Our talk about the taxation of Egyptian farmers and the lack of taxation of temple lands sparked my interest. This got me thinking about the growing power, and eventual corruption, of the temples and priests that was mentioned. I did some research and found that the corruption spanned many rulers, all of which had some part in the increasing power of the temple and priesthood of Amen.
To start, Amen-Re was considered the true father of the pharaoh, which helped legitimize the power the pharaohs held over Egypt. The priests held a large amount of power with the general public, which they preserved by appearing as defenders and guardians of the oppressed people. The kings tried to limit the power of the priests of Amen to simply religious affairs. This was holding order until around 1498 BC, when Hatshepsut took control.
Hatshepsut was the only legitimate heir from the line of Amenhotep (his granddaughter, actually). To become king, her half-brother Thutmose II became her husband. When Thutmose II died, Hatshepsut took control; Thutmose III was still young and in the care of the priests of Amen (he was originally supposed to become a priest himself). As time passed, many chose sides. There were those who believed a woman could not be king and supported Thutmose III. Hatshepsut also had her supporters, the priests of Amen. To legitimize her claim to power, Hatshepsut had them declare her Pharaoh (the first woman to do this) and was from then on depicted with the masculine attributes of pharaohs. Her supporters reaped the rewards of her power; the First Prophet of Amen became the administrator of the temple’s wealth, head of all the gods’ priests in Upper and Lower Egypt, and prefect of Thebes and vizier. Hatshepsut also built the stunning temple Deirdre el Bahri, along with other smaller chapels. This is where we see the priesthood and temples gaining undue power.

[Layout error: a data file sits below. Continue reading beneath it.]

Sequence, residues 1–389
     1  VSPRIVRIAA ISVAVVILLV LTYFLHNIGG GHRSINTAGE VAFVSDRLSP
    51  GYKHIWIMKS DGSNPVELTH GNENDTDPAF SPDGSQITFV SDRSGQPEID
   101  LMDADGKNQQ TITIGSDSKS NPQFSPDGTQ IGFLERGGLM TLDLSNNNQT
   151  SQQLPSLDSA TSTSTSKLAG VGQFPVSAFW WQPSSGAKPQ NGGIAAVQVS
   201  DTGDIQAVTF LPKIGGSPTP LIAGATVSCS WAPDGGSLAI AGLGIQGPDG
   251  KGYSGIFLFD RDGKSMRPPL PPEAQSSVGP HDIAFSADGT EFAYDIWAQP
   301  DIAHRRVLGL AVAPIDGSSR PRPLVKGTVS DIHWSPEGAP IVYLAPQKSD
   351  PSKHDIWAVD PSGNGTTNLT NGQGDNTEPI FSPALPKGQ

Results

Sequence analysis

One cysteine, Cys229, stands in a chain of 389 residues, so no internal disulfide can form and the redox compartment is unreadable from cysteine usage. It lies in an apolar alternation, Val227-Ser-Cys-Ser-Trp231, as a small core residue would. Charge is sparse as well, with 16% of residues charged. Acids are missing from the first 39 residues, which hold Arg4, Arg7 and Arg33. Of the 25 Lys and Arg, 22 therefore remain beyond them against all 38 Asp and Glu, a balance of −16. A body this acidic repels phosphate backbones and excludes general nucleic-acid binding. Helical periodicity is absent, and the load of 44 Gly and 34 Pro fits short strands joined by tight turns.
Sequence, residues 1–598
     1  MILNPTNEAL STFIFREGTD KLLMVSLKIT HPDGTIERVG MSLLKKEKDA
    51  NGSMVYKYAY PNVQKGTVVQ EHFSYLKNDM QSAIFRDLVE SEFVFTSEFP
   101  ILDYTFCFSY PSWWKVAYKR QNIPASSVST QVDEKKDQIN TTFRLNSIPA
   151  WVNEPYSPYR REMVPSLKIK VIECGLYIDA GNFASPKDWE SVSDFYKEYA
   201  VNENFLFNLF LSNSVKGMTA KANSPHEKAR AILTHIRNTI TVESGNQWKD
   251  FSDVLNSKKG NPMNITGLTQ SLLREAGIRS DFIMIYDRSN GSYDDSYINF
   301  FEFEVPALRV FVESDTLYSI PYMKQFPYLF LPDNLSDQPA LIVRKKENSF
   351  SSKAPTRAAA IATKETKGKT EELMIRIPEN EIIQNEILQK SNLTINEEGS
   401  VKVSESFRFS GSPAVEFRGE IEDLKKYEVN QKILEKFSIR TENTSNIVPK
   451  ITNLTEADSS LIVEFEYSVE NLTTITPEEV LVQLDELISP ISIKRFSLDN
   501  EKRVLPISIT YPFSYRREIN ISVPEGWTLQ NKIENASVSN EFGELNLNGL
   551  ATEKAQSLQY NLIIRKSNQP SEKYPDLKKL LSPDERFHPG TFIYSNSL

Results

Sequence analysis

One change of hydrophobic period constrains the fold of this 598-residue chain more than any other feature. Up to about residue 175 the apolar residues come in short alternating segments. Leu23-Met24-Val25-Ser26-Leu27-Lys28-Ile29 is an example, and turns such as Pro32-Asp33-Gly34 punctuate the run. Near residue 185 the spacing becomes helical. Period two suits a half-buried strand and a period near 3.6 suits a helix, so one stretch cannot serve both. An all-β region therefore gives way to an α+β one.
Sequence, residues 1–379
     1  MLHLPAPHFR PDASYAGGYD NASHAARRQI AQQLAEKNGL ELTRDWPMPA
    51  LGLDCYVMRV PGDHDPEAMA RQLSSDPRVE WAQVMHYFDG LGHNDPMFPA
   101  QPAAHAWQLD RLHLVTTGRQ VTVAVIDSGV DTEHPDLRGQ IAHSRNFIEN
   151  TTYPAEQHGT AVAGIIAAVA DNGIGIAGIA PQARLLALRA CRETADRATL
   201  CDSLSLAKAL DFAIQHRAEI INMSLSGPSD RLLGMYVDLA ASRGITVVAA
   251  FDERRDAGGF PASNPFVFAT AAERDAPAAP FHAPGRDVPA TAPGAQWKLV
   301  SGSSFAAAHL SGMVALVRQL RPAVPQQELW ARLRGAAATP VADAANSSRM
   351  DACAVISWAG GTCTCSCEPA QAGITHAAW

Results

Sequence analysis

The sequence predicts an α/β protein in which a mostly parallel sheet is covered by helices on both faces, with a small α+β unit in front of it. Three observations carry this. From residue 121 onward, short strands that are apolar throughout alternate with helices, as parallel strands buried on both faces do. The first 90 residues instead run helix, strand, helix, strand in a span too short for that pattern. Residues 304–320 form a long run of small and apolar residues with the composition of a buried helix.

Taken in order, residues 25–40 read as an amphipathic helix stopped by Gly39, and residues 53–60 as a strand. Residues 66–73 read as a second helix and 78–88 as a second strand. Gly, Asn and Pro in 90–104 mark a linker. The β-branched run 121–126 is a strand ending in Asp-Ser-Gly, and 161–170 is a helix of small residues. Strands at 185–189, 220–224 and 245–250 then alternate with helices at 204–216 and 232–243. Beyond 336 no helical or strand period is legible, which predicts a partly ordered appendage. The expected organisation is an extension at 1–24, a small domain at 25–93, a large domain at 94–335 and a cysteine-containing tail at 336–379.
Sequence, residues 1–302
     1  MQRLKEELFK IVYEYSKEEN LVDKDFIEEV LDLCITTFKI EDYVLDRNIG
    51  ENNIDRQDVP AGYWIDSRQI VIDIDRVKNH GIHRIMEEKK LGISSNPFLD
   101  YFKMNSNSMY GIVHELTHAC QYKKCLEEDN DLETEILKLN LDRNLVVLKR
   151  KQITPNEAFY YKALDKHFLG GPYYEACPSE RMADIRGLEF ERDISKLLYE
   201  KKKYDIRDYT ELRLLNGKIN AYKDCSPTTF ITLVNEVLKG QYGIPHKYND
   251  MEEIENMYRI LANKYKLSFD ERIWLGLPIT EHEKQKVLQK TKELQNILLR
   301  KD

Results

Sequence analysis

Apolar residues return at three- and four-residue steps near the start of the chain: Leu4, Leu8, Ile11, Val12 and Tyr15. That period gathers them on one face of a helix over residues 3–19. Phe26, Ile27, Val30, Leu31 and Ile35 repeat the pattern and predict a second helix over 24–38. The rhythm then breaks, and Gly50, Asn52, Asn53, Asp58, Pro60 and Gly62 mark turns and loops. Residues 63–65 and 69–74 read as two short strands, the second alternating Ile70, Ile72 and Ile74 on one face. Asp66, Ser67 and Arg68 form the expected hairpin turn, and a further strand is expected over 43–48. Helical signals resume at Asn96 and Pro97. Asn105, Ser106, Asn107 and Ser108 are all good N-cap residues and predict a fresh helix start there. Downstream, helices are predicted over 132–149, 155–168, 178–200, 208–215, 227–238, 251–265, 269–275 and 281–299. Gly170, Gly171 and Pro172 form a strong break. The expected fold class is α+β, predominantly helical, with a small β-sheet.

While Hatshepsut was ruling Egypt, Thutmose III had become head of the army, and eventually took control back from his mother. His rule saw many conquests with much accompanying wealth. This wealth was first distributed to the warriors/soldiers, then the priesthood of Amen took their share, and in the end not much was left for Pharaoh. As their wealth and power increased, the power of the king decreased. The priests were now starting to push the king out of power, turn him into a figurehead and maybe try to get rid of the position all together. But still Thutmose III enlarged the temple’s landholdings and added to the Amen temple at Karnak.
A couple of pharaohs later (Amenhotep III) the worship of the red disc of the sun, Aten, gained popularity and followers. When Amenhotep III died, his son was brought up devoted to Aten, not Amen. As Pharaoh, Amenhotep IV’s name was changed to Ahkenaten and the funding to the temples of Amen subsequently stopped. The wealth, land, and slaves that belonged to the temples were most likely seized by the king. There was still a large public following of Amen, however, and the temples were eventually rebuilt by Ahkenaten’s son-in-law. The co-regent also returned all of the confiscated wealth to the priesthood.
This corruption of the priesthood of Amen was fostered by many pharaohs, and it certainly did not end with Ahkenaten’s son-in-law. While it appeared to come to a head in Hatshepsut’s time, the pharaohs before her are just as responsible. Or perhaps it was an inevitable occurrence, with the state religion being so closely tied with the power of the Pharaoh, and so adamantly followed by the people in many aspects of their daily lives.